UPDATE 1-Kingfisher shows resilience as sales pick-up

Thu Jul 19, 2012 2:38am EDT

* 10 weeks to July 7 group sales up 3.7 pct, lfl down 0.4 pct

* B&Q UK & Ireland lfl sales up 1.6 pct vs f'cst up 0.4 pct

* B&Q margin lower as prices cut, more promotions

* Castorama France lfl sales down 0.2 pct vs f'cst up 1.7 pct

* Says unprecedented wet weather hit demand

LONDON, July 19 (Reuters) - Kingfisher, Europe's biggest home improvement retailer, said underlying sales recovered in its second quarter, showing its resilience in the economic downturn even though heavy rain put British and French shoppers off buying seasonal ranges.

The firm, which runs the market-leading B&Q chain in Britain as well as Castorama and Brico Depot in France and elsewhere, said on Thursday sales at stores open over a year fell 0.4 percent in the 10 weeks to July 7, the bulk of its fiscal second quarter.

That compares with a first quarter fall of 4.8 percent.

Like-for-like sales at B&Q UK and Ireland rose 1.6 percent.

That compares to analysts' consensus forecast of a rise of 0.4 percent, according to a company poll, and a first quarter slump of 11.7 percent blamed on the wettest April since records began.

However, the firm said B&Q's gross margin is expected to be down, reflecting price cuts to clear horticultural stocks and other promotions.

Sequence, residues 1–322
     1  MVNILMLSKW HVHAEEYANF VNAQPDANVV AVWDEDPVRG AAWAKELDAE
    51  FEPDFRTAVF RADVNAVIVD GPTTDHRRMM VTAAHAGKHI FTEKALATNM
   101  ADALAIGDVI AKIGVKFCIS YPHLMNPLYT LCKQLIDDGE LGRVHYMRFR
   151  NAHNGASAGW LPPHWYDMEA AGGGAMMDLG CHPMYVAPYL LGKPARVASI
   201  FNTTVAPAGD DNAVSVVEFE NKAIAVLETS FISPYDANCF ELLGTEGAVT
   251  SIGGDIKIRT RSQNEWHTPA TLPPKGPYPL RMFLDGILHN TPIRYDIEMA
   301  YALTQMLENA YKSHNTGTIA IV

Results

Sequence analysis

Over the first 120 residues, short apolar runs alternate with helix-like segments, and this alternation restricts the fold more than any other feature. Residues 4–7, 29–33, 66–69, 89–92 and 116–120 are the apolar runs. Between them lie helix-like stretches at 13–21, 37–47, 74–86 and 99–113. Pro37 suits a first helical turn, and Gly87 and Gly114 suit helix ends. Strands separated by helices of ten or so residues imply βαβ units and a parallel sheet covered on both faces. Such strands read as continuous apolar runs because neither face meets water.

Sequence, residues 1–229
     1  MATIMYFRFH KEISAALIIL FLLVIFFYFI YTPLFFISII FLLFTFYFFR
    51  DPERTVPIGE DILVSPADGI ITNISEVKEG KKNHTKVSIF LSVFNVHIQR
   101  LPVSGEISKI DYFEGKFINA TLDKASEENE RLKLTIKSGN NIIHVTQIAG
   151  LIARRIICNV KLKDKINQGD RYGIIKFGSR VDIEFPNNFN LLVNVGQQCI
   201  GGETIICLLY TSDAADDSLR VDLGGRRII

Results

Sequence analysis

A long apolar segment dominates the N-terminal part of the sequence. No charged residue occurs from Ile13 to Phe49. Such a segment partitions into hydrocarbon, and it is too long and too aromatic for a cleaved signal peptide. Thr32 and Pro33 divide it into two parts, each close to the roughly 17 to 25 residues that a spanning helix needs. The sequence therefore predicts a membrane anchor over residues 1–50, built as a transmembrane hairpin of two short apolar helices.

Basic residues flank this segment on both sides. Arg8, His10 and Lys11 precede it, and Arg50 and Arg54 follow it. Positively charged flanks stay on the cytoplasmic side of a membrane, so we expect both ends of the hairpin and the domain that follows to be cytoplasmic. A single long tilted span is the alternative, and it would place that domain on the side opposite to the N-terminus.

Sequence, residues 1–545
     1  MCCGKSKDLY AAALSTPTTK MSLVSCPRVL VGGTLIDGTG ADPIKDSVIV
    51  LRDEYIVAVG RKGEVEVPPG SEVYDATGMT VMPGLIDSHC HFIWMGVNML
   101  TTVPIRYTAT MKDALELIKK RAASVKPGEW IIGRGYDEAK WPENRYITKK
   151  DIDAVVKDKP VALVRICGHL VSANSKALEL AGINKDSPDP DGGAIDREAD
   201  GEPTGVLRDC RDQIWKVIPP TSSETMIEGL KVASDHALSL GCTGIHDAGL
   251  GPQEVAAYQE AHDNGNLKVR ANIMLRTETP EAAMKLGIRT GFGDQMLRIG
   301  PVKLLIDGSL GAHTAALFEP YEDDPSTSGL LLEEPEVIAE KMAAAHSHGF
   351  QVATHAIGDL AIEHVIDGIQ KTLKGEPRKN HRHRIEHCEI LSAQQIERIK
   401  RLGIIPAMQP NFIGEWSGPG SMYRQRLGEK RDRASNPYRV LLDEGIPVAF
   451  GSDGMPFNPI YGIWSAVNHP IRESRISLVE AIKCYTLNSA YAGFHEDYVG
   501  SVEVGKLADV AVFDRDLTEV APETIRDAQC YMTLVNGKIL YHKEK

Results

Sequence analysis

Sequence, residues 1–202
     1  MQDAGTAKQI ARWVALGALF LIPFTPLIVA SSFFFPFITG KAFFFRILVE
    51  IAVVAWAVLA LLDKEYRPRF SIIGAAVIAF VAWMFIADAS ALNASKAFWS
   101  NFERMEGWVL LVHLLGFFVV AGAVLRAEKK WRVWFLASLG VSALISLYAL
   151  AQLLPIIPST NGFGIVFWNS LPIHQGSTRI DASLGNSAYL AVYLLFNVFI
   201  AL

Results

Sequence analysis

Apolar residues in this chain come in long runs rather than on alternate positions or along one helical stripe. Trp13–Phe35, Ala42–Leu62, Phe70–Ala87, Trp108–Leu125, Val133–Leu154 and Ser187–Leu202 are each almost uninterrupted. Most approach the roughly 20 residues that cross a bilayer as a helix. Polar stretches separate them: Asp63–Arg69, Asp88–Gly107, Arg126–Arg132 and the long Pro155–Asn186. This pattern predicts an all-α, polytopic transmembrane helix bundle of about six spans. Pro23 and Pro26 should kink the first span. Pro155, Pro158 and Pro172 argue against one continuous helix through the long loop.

Underlying sales at Castorama France fell 0.2 percent after a fall of 0.8 percent in the previous quarter, while they fell 4.8 percent at Brico Depot, following a rise of 2.4 percent.

Analysts had forecast rises of 1.7 percent and 0.9 percent respectively.

Many European retailers are suffering as disposable incomes are squeezed by inflation, muted wages growth and government austerity measures, and as shoppers fret over the implications of the euro zone debt crisis.

Kingfisher, the world's No. 3 home improvements retailer behind U.S. groups Lowe's and Home Depot, has generally performed better than most, offsetting weak demand in many of its markets with a drive to improve profitability by buying more goods centrally, and directly, from cheaper manufacturing centres like China.

Shares in Kingfisher, down 11 percent over the last three months, closed Wednesday at 271 pence, valuing the business at 6.4 billion pounds ($10 billion).

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